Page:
I always wanted to be an entrepreneur right from childhood. It was in my DNA something that was deeply embedded in my blood. My Father always said I had the knack to be great and that he saw it in me.
He said I got bored easily and never concentrated on one particular task for long. That alone made me unserious in class but full of promise in my Father’s eyes.
He was an entrepreneur himself and he passed onto me his dream without trying hard because we shared the same genes. All my childhood I looked up to the entrepreneur who lived in my Mother’s bedroom and all I ever wanted to be, was him.
He always stressed that I learn to do things by myself. This often angered me, the fact that my own Father wasn’t willing to offer a hand towards my personal development and growth, was indeed frustrating.
But the greatest lesson I learned from his life, was never to go into business with friends. In late 90s, after 10 years of operating a business together with a friend, my father’s best friend, and business partner, went behind his back to remove him as CEO of the company they started together.
That wasn’t the worst of it all though. He did this to him while he was on sick leave after he had suffered a stroke. Worried that the stroke would end his life, his friend turned the employees and stakeholders against him.
This actually hurt my dad financially and emotionally to the extent that it accelerated his illness until he passed on. He died from the frustration of being betrayed by the one person he had lived to trust and respect all his life.
Long story short, my Father has been gone for some time now but as fatal as that lesson was, I wasn’t able to hold onto that experience for a while.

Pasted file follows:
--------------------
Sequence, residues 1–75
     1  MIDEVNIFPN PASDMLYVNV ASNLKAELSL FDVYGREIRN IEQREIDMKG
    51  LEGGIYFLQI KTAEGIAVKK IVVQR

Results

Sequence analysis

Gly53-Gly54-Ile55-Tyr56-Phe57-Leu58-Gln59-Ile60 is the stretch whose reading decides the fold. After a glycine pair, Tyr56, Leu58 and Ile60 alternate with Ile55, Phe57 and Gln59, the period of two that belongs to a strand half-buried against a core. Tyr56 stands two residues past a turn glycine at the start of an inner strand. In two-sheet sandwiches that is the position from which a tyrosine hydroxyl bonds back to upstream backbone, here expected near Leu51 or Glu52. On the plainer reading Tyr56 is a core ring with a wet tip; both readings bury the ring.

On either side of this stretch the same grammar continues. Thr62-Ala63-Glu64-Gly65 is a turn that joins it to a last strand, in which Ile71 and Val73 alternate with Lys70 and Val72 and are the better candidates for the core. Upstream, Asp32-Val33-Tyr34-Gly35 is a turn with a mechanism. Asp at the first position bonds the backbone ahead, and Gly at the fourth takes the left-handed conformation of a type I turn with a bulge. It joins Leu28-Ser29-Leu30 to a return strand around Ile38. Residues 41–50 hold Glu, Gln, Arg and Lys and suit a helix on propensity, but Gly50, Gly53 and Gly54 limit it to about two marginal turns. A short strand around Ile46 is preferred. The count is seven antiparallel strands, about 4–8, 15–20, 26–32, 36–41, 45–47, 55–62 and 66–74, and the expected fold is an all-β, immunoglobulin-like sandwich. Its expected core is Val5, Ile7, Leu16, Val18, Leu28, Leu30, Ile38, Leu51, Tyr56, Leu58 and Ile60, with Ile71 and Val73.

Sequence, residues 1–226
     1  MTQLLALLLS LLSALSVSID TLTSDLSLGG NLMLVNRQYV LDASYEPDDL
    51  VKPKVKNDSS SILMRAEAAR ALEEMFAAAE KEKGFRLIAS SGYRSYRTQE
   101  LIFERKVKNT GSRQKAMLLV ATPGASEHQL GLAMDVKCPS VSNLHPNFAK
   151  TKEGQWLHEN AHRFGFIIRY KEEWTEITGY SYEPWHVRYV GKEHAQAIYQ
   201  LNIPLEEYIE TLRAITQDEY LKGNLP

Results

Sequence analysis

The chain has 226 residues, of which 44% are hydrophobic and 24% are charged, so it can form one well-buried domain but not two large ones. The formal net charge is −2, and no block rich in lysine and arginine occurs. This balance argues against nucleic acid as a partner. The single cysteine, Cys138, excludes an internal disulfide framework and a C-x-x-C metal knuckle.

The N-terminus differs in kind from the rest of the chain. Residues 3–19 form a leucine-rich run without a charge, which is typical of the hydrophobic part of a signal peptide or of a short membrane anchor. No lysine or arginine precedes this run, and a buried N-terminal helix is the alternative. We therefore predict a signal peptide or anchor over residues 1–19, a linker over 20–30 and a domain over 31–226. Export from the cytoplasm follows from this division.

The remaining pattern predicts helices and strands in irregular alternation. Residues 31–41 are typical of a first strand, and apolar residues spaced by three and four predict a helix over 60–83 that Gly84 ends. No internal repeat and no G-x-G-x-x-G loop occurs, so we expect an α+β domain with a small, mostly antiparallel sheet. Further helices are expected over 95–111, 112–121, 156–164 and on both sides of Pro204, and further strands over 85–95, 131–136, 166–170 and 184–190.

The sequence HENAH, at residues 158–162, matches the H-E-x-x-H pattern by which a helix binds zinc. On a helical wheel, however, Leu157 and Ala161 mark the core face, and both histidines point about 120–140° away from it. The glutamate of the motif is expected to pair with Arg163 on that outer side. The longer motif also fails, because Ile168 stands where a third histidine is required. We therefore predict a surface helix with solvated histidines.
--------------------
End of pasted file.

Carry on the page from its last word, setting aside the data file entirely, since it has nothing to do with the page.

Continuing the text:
As I grew older the memories of that lesson faded from my memory and I found myself going into business with a lot of friends. To be honest, Starts up are hard work and you need support emotionally, socially and financially because they are highly energy draining.
The understanding between friends offers that comfort and feeling of security that creates a calm environment necessary for free thinking and decision making. Starting up a business with someone with whom you have a relationship with, is total fun.
I hadn’t been extremely successful with most of the venture in my personal life in particular except for this one. This one was meant to be a success to a reasonable extent.
I started this particular company with a childhood friend; it was a small company that made petroleum jelly. The idea was simple, great and easy to implement. We decided against equity investment and decided to fully co-finance our idea.
I brought in the larger chunk of the startup capital and this meant more shares for me. This in turn gave me the powers to call the shots anointing me as the superior despite our difference in age. He was five years older than I was.
I won’t dwell so much on the details of what happened but I want to tell you, friendship got in the way of how we ran that business. It became hard to separate the two, friendship and business. All the things I was supposed to say I didn’t say for the sake of our friendship and yet this was at the expense of our business.
There was mismanagement but being the friend I was, I never opened my mouth to speak when it was necessary and when I didn’t, it created tension. It went on like this until our disagreements became perennial and irreconcilable. I worked my way out of the partnership on bitter terms and let go of my friendship with my childhood friend.
Its two years since I walked out of that partnership and things between us are getting back to normal now although slowly. He sent me mail telling me the door were always open if I wanted back although am not sure whether everything will ever be the same again.
He was a good friend and it really hurt. I wish I could go back in time and do things differently. I think this time I would gather the balls to speak out when it matters most.
Let me know if you have ever gone into business with a friend or family member. How did it work out? Are you still happily working together!? If yes, how have you managed to do that? Share with me in the comments below.
Till Next Time
Jahluum Herberts is the C.E.O of Flash Point an east African Information Technology Consultancy firm. He is also a co founder at YOUNG TREPS a global forum that focuses on helping the youth on their entrepreneurial voyage from brilliant ideas and start ups to financially profitable and prosperous companies